Proving once again why they are among the most popular, if not the darlings, of central Indiana’s performing arts community, the Indianapolis Men’s Chorus, led by IMC Artistic Director Greg Sanders, dazzled a sold-out audience at a Saturday matinee performance of “Merry Christmas with Love” at Marian University Theatre.
The IMC Christmas concert followed a banner year – its 33rd season – for the inclusive choir that performed with Josh Groban for his “Harmony” tour at Ruoff Music Center in June, in their top-selling IndyFringe show “Miss Cast,” and in October with the Indianapolis Symphony Orchestra, led by Pops conductor Jack Everly in “Leading Men of Broadway.” Finally, on December 7, in probably their most high-profile gig thus far, some members performed as the backup chorus for international superstar Andrea Bocelli in his sold-out concert at Gainbridge Fieldhouse.
And what accounts for the awe-inspiring success of this sterling ambassador for the LGTBQA+ community? It’s the artistic leadership of Sanders, vocal director for ISO Pops productions, including “Yuletide,” and Assistant Artistic Director and IU Jacobs School Music graduate, Jared McElroy, who also sings with his chorus peers. Setting the bar high, the excellence of their artistry, discipline, and work ethic is clear in the professional quality of the IMC’s product. Also deserving of praise is Ethan Butt, assistant to the general manager of WTHR-Channel 13, who is the executive producer of IMC. Enhancing the entertainment factor for IMC performances is choreographer Jared P. Norman. Also participating was longtime contributor to the IMC, ASL interpreter Chuck Daube.
Also demonstrating a knack for creative programming, Sanders constructed an innovative set list for the concert which saw mostly upbeat and snappy holiday songs in a fast-paced Act 1. Act 2, which was more somber, consisted of classic Christmas carols. Situated offstage, sight unseen, was a fine five-piece band consisting of Matt Richardson on piano, Jake Corn on guitar, Conner Green on bass, Andrew Howard on drums, and Sanders on keyboards.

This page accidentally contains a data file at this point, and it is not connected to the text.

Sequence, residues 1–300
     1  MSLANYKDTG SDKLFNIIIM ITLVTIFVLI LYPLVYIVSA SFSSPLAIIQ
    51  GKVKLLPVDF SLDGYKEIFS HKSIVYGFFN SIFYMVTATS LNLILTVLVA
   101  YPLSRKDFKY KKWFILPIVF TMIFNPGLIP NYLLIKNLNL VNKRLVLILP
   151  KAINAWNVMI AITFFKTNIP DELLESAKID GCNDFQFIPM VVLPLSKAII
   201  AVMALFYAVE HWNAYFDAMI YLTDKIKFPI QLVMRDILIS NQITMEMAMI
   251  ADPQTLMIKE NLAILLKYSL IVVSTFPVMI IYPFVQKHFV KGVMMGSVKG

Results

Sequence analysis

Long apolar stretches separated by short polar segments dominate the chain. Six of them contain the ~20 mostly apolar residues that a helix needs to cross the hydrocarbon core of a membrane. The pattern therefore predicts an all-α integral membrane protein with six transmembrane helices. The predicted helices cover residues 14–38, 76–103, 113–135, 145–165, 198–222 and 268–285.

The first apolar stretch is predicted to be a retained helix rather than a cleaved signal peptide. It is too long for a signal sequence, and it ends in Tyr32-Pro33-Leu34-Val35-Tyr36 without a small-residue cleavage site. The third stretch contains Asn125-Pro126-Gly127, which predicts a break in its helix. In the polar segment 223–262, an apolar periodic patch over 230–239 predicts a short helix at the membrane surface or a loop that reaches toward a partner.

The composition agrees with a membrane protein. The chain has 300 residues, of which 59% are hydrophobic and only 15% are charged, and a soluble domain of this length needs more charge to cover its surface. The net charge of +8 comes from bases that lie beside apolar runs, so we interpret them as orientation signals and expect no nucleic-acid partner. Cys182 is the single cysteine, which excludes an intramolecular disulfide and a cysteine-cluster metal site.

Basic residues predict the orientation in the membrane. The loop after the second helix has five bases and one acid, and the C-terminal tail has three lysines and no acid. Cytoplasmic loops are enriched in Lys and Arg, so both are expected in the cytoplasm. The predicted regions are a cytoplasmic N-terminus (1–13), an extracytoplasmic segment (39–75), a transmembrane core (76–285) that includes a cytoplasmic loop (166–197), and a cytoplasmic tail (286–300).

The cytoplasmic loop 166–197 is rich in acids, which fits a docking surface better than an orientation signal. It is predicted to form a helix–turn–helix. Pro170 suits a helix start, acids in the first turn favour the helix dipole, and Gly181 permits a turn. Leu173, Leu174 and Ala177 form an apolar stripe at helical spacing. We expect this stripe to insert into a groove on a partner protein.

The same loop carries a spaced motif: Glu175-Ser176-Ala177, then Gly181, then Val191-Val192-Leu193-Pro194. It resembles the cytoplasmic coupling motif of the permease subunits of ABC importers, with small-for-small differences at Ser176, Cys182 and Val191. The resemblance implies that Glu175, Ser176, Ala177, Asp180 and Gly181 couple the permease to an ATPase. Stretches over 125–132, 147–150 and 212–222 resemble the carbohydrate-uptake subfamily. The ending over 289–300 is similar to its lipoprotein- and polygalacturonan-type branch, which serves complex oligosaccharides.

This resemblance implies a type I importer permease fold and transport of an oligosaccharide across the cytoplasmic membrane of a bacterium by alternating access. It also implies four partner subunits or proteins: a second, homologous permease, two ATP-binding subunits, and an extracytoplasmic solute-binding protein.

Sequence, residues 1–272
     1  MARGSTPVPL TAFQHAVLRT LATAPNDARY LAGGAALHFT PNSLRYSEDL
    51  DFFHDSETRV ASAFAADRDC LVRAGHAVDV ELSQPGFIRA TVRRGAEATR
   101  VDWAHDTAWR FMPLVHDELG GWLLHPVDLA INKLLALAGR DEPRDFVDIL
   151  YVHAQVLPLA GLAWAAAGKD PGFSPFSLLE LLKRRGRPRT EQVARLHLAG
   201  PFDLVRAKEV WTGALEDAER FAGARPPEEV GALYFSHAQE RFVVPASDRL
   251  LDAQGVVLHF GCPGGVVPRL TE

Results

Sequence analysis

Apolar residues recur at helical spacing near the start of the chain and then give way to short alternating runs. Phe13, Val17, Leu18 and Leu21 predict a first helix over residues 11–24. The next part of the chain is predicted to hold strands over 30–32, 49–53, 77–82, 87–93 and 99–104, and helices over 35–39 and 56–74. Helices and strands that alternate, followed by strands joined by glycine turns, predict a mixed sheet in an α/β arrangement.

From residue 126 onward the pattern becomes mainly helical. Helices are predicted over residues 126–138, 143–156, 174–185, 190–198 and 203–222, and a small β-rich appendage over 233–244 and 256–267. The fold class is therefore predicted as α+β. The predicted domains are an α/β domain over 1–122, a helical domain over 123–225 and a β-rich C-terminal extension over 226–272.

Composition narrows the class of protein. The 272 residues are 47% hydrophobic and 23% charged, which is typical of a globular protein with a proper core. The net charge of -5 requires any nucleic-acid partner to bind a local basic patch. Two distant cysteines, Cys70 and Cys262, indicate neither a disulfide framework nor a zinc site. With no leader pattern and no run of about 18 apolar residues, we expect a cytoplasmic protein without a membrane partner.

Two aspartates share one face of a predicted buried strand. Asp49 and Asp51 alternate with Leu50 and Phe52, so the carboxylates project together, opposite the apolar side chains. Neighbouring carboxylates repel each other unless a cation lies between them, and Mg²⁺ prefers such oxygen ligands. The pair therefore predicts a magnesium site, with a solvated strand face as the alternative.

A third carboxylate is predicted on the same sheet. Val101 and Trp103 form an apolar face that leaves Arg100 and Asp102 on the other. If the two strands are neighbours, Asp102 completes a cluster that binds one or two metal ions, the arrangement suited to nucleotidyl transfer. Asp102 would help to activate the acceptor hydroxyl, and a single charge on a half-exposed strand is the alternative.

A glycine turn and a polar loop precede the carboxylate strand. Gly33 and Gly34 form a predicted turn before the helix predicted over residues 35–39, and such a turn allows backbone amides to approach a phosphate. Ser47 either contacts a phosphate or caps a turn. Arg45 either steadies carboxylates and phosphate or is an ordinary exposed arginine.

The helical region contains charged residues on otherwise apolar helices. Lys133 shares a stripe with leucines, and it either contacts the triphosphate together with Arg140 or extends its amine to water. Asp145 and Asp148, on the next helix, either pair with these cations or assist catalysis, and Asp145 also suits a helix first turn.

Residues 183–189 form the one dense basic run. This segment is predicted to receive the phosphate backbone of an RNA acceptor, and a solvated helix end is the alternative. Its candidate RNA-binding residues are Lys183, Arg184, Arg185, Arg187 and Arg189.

Dressed in white dinner jackets with red vests, with soloists wearing a more glitzy look, the 52 singers were animated and uber energetic in Act 1, singing favorites of mine that included “Little Saint Nick,” featuring Andrew Budd, Matt Burley, Drew Kempin, and Danny Stevenson; “Parade of the Wooden Soldiers,” danced by IMC Swing; “I’ll Be Home for Christmas” performed by the IMC; and “Hamildolph”, a brilliant show stopping parody of the “Hamilton” score sung by Nayte Burton, Jerico Hughes, Johnnie Hughes, Drew Kempin, and Jared McElroy. An incomparable talent, Jared Yoder who has the vocal chops and carriage of a headliner, closed the concert’s first half with “Merry Christmas with Love,” made popular by Sandi Patty.
Act 2 highlights that saw the singers dressed in black tuxedo jackets with ties, included “From a Distance;” “Angels from the Realms of Glory;” and “O Little Town of Bethlehem/Beautiful City,” featuring Scott Archer, Jake Gadomski, Garrett Godsey, Johnnie Hughes, Brent Meadows, J.J. Peil, Robbie Willingham, and the IMC. The concert ended on a poignant note with the entire chorus singing a moving medley of “Silent Night” and “O Holy Night.”
I must admit I am biased when it comes to the IMC. Having sung with the chorus for six seasons early in its history, among the most rewarding and meaningful years of my entire life, I have a deep appreciation for its mission and for choral music in general. Consequently, there is no one prouder than I am, as a gay man, of the IMC’s upward trajectory as a major contributor to the local performing arts community. Upon surveying the sold-out crowd at the concert, I also could not help but notice the makeup of the audience. Thirty years ago, our concert attendees were primarily LGTBQA+, but the crowd at Saturday’s show was much more diverse in its representation of age, race, gender and sexual orientation, and mirrored the demographics of the wider community. It was tangible evidence that the IMC continues to be a a positive source of pride, tolerance, and acceptance, and a force for change.
For tickets and information regarding the remainder of the Indianapolis Men’s Chorus 2022-2023 season visit indianapolismenschorus.org.